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On November 28, 1925, the Grand Ole Opry in Nashville, Tennessee began broadcasting
An event every year that begins at 12:00 am on day 28 of November, repeating indefinitely
On November 28, 1925, the Grand Ole Opry in Nashville, Tennessee began broadcasting. The longest running radio program in U.S. history, the weekly country music concert began as the one-hour “Barn Dance” broadcast. Since then, the Opry has become famous for showcasing some of the biggest names in country music, including Patsy Cline, Dolly Parton, Hank Williams, and Johnny Cash.
Did you know? The show got its name because of comparisons with the very different preceding program, “The Music Appreciation Hour” which consisted of performances from the New York Symphony Orchestra. At the beginning of the show, Barn Dance host George Hay noted that “For the past hour, we have been listening to music taken largely from grand opera. From now on, we will present the Grand Ole Opry.” The name stuck, and the “Barn Dance” title was soon discarded.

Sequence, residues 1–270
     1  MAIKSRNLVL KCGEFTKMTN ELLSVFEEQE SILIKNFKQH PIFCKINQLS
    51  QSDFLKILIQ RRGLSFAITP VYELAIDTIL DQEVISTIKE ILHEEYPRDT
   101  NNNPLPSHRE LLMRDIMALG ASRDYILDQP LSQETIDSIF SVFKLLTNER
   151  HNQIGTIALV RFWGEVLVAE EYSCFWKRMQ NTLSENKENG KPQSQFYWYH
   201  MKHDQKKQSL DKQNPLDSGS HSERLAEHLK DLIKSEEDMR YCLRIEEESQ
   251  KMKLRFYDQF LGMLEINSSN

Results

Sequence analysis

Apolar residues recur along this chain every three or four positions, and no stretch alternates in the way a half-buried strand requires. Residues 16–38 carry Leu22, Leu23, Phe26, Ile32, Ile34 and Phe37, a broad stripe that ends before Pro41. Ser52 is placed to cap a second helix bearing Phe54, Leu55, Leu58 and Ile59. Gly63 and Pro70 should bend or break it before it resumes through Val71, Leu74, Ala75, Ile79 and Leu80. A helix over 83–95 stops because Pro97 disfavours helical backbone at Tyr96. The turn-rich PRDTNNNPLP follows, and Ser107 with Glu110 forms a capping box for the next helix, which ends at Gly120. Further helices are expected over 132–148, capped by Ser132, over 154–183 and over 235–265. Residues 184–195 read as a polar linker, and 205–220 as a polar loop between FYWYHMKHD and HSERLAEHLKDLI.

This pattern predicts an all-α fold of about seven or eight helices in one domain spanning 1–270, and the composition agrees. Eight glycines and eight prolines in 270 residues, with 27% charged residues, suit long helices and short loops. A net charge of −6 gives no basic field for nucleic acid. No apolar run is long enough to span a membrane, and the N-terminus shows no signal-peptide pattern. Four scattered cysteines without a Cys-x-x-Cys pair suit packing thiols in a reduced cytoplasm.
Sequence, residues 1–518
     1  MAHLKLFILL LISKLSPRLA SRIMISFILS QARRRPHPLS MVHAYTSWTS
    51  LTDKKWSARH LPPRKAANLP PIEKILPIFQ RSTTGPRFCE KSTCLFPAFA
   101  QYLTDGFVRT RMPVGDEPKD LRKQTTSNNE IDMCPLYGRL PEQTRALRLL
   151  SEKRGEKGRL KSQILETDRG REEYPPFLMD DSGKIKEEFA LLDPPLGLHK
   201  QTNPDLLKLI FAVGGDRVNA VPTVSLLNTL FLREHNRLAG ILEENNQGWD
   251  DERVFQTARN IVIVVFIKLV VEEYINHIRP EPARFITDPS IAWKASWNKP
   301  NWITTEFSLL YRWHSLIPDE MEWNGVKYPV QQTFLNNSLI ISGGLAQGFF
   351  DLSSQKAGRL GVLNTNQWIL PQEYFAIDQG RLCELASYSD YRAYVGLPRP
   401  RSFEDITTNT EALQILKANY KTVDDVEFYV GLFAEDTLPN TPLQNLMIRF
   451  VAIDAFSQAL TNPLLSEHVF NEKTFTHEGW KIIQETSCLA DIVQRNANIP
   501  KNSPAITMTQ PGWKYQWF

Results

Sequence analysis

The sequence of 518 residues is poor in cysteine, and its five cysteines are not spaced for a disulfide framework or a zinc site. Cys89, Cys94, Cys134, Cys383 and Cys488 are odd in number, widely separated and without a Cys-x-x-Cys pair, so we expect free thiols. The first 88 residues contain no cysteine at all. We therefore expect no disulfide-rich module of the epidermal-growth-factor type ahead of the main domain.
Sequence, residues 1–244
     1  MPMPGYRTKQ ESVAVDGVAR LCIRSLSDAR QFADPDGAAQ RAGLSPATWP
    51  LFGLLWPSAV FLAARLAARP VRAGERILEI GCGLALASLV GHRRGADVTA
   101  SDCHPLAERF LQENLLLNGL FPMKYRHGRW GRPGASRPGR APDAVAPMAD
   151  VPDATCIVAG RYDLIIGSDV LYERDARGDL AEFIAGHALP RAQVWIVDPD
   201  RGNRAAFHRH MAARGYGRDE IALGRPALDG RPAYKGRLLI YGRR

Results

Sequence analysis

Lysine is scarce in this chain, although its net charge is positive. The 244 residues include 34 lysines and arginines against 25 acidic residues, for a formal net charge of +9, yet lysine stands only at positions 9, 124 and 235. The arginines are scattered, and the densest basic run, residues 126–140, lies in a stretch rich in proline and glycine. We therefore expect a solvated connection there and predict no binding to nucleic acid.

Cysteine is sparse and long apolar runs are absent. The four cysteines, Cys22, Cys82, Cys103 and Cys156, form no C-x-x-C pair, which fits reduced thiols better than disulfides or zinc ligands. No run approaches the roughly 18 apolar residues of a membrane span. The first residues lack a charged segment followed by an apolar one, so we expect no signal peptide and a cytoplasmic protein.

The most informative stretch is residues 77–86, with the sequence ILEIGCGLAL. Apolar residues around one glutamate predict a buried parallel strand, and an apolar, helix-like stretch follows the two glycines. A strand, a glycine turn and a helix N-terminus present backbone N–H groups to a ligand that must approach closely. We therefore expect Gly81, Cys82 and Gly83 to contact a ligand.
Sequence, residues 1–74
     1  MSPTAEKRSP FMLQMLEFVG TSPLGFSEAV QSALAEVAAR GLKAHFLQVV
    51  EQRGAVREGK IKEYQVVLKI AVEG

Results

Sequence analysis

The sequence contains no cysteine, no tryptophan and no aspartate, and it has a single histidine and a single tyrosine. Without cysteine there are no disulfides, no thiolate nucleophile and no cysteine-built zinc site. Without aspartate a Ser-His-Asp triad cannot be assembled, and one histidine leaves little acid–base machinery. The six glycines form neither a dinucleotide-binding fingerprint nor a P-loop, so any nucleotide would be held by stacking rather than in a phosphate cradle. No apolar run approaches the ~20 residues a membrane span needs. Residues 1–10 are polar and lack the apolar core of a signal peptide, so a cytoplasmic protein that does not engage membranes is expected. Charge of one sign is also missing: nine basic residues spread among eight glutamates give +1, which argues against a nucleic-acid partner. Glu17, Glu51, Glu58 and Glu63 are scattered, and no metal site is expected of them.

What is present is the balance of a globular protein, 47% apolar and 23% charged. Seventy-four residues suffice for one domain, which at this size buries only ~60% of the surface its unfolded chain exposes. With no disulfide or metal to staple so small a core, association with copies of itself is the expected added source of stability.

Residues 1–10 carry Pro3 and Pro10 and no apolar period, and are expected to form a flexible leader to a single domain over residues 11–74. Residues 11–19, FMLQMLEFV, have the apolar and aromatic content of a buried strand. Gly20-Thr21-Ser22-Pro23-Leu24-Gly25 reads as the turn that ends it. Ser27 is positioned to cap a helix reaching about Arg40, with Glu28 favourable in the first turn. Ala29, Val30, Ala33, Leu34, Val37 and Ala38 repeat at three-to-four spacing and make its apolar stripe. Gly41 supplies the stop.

Dancing on the Barn Floor, William Sidney Mount, 1831
-Written by Anna Zemaitaitis, Communications and Design Officer